Typically in the area of Missouri Nelson researches, tile drainage systems are installed anywhere from three to four feet deep and between 20 and 40 feet apart.
If the distance to cover is 40 feet, spacing the tiles closer together at 20 feet allows the field to drain faster. On the flip side, spacing the tiles at 20 feet means more connections and more cost, so identifying goals and developing a field-specific plan are crucial steps for making sure tile drainage is a feasible option for the individual operation.
“We know that some place in Missouri or Kansas, we face challenges with too much water year in and year out,” Nelson said. “The biggest thing is trying to design systems that increase the resiliency of our production systems.”
Two farmers and tile drainage installers shared their experiences with tile drainage, both on their own farms and on the farms of their customers. Rusty Johnson farms and operates Field Max Water Management services in southwest Missouri and has more experience working with local soil types.
“Our consensus for what we’ve seen in Southwest Missouri is that we lose more yield to a cool, wet spring than we do to even dry, droughty weather,” Johnson said. “We’ve installed a lot of pattern tile at 40-foot spacing in the silt-clay soils and we’ve also installed some sub-surface irrigation at 20-foot spacing. Both have their place.”
Johnson conducts some on-farm research in small plots on his own land and has several years worth of findings. He has been installing tile drainage systems since 2014.
“I’ve got a 20 acre field that’s split with 10 acres drained and 10 acres non-drained,” Johnson said. “We see anywhere from about a 20% to 30% corn yield increase in the drained field.”
Personally, Johnson has chosen to space out adopting tile drainage on his own operation to spread the costs out over time.
“What we've done to break up the cost over multiple years is pick out 40 acres, 80 acres,” Johnson said. “We go with whatever fits the worst case scenarios to start with, because obviously we've got spots that are drowning out every year.”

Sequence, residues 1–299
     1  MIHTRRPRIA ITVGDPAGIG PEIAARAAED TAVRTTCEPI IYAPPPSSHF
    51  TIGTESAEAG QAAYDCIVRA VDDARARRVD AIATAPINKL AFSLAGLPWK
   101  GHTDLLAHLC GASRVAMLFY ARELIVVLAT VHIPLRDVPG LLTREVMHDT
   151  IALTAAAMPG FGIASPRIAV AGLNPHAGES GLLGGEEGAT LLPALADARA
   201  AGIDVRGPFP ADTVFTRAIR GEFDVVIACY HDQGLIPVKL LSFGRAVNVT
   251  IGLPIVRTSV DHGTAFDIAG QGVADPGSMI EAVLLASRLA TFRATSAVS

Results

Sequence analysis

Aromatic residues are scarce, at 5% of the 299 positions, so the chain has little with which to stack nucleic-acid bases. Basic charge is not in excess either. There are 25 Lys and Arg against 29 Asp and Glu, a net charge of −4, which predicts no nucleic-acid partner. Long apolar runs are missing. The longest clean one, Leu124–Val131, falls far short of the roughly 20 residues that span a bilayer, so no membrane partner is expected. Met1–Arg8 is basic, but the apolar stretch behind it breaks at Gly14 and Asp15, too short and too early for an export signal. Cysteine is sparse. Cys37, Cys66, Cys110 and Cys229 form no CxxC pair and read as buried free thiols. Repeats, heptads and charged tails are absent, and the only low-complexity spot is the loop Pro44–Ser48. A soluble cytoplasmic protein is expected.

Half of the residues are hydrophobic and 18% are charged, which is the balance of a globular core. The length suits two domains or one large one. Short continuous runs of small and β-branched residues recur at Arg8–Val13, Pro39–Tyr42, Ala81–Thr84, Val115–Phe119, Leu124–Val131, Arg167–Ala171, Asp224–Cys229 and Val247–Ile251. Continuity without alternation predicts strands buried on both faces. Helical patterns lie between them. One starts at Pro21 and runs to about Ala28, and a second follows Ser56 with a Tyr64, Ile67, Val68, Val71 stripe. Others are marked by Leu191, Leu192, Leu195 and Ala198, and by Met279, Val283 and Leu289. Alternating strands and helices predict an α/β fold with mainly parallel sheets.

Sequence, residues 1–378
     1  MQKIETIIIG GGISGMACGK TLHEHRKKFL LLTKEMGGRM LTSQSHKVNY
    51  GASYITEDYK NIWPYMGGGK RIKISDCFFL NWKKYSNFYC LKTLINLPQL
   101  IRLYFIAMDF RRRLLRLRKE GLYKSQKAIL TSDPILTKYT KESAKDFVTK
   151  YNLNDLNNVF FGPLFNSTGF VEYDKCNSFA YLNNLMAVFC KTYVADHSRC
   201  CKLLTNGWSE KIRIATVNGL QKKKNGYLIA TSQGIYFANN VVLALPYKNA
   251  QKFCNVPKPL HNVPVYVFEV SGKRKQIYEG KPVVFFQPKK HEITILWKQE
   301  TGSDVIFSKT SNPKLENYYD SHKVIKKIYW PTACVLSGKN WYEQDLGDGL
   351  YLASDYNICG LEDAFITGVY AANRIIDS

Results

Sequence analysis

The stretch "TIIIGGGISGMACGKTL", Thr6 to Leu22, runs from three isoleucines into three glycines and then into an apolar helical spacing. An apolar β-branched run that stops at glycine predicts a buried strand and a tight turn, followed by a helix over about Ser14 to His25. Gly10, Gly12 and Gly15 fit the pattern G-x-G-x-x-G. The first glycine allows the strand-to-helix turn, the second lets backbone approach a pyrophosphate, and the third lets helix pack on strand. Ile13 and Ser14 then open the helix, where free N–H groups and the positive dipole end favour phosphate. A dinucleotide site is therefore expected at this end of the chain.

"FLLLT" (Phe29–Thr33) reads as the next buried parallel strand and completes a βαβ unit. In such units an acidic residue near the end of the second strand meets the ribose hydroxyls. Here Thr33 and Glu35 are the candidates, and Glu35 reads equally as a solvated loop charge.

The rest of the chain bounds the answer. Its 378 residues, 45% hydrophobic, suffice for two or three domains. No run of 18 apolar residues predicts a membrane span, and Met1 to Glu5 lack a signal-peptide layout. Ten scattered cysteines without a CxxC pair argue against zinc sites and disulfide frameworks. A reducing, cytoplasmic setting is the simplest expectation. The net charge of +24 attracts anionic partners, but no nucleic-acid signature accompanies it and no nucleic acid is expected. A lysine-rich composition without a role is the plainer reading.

Depending on field yield and commodity prices, the return on investment for tile drainage could come quickly.
“We're going to see a 30 bushel increase on corn — a 30 to 50 bushel on just drainage,” Johnson said. “So if commodity prices are at $4, you're looking at $120 to $200, an acre increase for a system that on 40 foot spacing is going to take you anywhere from probably four to 10 year period to, to pay for itself.”
Fredonia farmer and tile drainage installer Glen Wydell has a background in both production agriculture and excavation which lend long-term experience to his tile drainage projects along the Verdigris River.
“We live in a very rocky area here, and we have some river bottom ground that has no rocks and some upland that can have sandstone or limestone,” Wydell said. “We design our systems to sort of work around rocky areas.”
While Wydell can probe into the rock to address problem areas in the field, some areas aren’t conducive to tile drainage systems. Slab limestone isn’t a big problem and sandstone can be worked with but Wydell said fractured limestone can cause issues.
The pieces get pulled into the pipes and bog down the whole system. Upper tiers of the soil profile can be problematic as well, especially in fields with compaction built up over time.
“When you have compaction on the surface the water is going to pond up, so you need to get that ripped out of there,” Wydell said. “The best way would be with cover crops and in some type of a root plant, like radishes or turnips, to break up your soil on the top and get that water and filtration rate to increase. Because if the water doesn't get to the tile, it's just not going to do you much good.”
For more information on drainage solutions visit transformingdrainage.org.